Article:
close your eyes for a moment and think about every type of mushroom you have ever eaten.
in no particular order, my list includes: morels, white button mushrooms, oyster mushrooms, chanterelle, portabellas, creminis (which are technically just baby portabellas), hen-of-the-woods, shiitake, brown clamshells, white clamshells, porcini, matsutake, enokitake, maitake, and king trumpet mushrooms. there might be some others, but those are the main ones i can think of. honestly, i think fourteen different kind of mushrooms is pretty good right off the top of my head. what was your score?
while you are distracted with this fun little mental exercise, i guess i’ll go ahead and get to the point of this post.
true, this post is about mushrooms as i am sure you have already guessed. but this post is also about a swedish guy named carl linnaeus.
remember a few posts back when i made yuzu pasta and my girlfriend whipped up an amazing batch of yuzu cupcakes?
while i would like to pretend that culinary curiosity was the only force of nature which inspired such an amazing post, the truth is not quite as glamorous. we cooked an entirely yuzu themed meal because we had so many yuzu we didn’t even know what to do with them. we literally had so many we were bathing in them.
we worked hard, and when all was said and done, we had accomplished a great feat. we breathed a deep sigh of elation and continued with our lives. two yuzu recipes had been born out of a desire to let no fruit go wasted, and that was nothing to be scoffed at. after all, necessity is the mother of invention.
like any normal person would after living through such a trying ordeal, i thought i was done with yuzu recipes for the year.
as it turns out, i was sorely mistaken.
frankly, i’m not a big fan of british cuisine.
as a quick disclaimer, i’m not making some sort of grand proclamation denouncing the deliciousness of all food served in the united kingdom. britain has become a country rife with cuisine from all kinds of cultures, so much so that i have a few friends that joke about tandoori chicken being the national food of the uk. i will gladly agree with any person asserting that britain has some really tasty food.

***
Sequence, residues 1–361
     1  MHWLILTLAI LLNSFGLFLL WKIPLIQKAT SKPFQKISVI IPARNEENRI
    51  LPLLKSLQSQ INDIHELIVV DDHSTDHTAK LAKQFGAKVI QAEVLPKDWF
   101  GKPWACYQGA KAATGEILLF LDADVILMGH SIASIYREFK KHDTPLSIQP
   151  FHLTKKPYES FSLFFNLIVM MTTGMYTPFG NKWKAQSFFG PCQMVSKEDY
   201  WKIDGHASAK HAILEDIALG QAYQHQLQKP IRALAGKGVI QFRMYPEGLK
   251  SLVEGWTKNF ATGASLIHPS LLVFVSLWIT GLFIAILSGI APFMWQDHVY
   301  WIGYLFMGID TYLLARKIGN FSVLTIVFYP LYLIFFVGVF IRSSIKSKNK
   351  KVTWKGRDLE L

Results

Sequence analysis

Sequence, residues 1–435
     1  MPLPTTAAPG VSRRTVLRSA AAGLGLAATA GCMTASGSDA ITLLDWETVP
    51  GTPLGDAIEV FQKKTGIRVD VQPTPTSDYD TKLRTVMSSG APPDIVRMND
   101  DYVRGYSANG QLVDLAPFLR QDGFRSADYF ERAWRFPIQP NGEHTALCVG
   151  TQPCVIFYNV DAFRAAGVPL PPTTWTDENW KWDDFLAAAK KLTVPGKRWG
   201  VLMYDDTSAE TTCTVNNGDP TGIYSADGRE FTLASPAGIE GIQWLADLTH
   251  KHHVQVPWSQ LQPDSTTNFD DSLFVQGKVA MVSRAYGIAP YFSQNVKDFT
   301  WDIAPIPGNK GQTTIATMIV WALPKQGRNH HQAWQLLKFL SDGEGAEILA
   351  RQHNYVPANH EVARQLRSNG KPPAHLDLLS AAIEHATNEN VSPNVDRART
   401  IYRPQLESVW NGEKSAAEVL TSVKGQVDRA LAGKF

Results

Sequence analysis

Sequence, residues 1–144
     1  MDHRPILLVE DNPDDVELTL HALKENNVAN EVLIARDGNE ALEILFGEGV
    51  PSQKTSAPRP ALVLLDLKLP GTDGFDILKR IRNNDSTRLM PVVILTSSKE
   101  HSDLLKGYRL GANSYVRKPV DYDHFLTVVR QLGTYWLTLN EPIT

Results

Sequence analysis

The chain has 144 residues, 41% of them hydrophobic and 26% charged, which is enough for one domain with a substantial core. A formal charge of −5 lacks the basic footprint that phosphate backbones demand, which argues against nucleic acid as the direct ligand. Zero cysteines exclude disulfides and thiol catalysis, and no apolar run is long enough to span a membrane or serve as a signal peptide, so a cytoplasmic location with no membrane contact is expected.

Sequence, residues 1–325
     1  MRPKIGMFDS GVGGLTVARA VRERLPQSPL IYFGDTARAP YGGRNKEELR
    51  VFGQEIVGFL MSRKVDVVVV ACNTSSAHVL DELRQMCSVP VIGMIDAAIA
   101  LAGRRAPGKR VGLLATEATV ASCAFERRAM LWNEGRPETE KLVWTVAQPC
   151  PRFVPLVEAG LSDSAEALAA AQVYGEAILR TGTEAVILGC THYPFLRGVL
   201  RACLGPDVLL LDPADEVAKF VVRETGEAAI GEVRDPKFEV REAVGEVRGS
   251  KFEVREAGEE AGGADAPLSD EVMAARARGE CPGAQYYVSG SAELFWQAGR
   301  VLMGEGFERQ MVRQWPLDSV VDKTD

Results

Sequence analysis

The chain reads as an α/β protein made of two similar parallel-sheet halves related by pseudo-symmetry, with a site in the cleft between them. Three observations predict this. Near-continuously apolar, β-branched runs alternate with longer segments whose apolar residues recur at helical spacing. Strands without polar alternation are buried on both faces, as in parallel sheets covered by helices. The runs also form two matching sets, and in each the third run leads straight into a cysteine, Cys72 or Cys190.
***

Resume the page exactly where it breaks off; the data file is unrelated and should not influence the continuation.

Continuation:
i don’t like british cuisine because, once you ask that person who asserted the deliciousness of british food to provide an example, the first thing they come up with is fish and chips.
not mince pie. not bread pudding. not kebabs or tandoori chicken. fish and freaking chips.
hi there pmk readers, the moment of truth has come!
voting for the diced! competition on Rantings of an Amateur Chef is officially open for business. if you guys have the time (and feel like supporting a meager poor man in his grand dream to become the creme de la creme of internet chefs), swing on by the poll and cast your vote for my recipe, inverted mini-cumberland pies.
thanks again for the support, everybody.
hey there, pmk readers.
i’ve been a good blogger over the past few months, haven’t i? i’ve never asked you to do anything that might make you question my moral scruples, right? we get along already, don’t we? i’ve shown you all kinds of recipes. you’ve given me all kinds of great feedback and comments. i’ve thrown joke after crappy joke your direction. together, we’ve transformed pmk into a budding, goofy, readable cooking blog.
in fact, i’ve gotten so almost-popular that i’m in a cooking competition for the first time ever. the competition is called diced! and it is being hosted on Rantings of an Amateur Chef. for round one, the competitors were asked to make an appetizer out of corn, corn flakes, and corned beef. i thought long and hard, cooked my recipes, took some photos, and sent it into the fray to represent me in this culinary showdown. i personally think it came out amazing.
but sadly, no matter how good my recipe looks or tastes, in the end it is the votes that count. so i have a favor to ask of all your followers out there: pop on by Rantings of an Amateur Chef, scroll to the bottom of my recipe for inverted cumberland mini-pies, click on the tiny little like button, and tune in on the december 7th to cast your vote to keep me in the competition.
thanks guys, i owe you one.
in today’s rapidly globalizing society, it seems like you can find at least one restaurant of almost any major country’s cuisine regardless of where you go. there are french restaurants in china, chinese restaurants in the united states, japanese restaurants in canada, and italian restaurants in japan. you get the idea.
i think some people (incorrectly) assume that these cuisines make it across borders and oceans relatively intact. when a country imports the food of another nation, it tends to insert a its own local flair. a chinese person eating at a chinese restaurant in america would, more than likely, be very confused as to why the food is audaciously titled “chinese food,” seeing as it bears almost no resemblance to the cuisine they ate growing up. conversely, many chinese people i have met in japan insist that the food served in chinese restaurants in japan is better tasting and more authentic than the food served in chinese restaurants in china.
but i digress. this post isn’t about how nations get foreign cuisine all wrong.
this post is about the world’s most misunderstood condiment.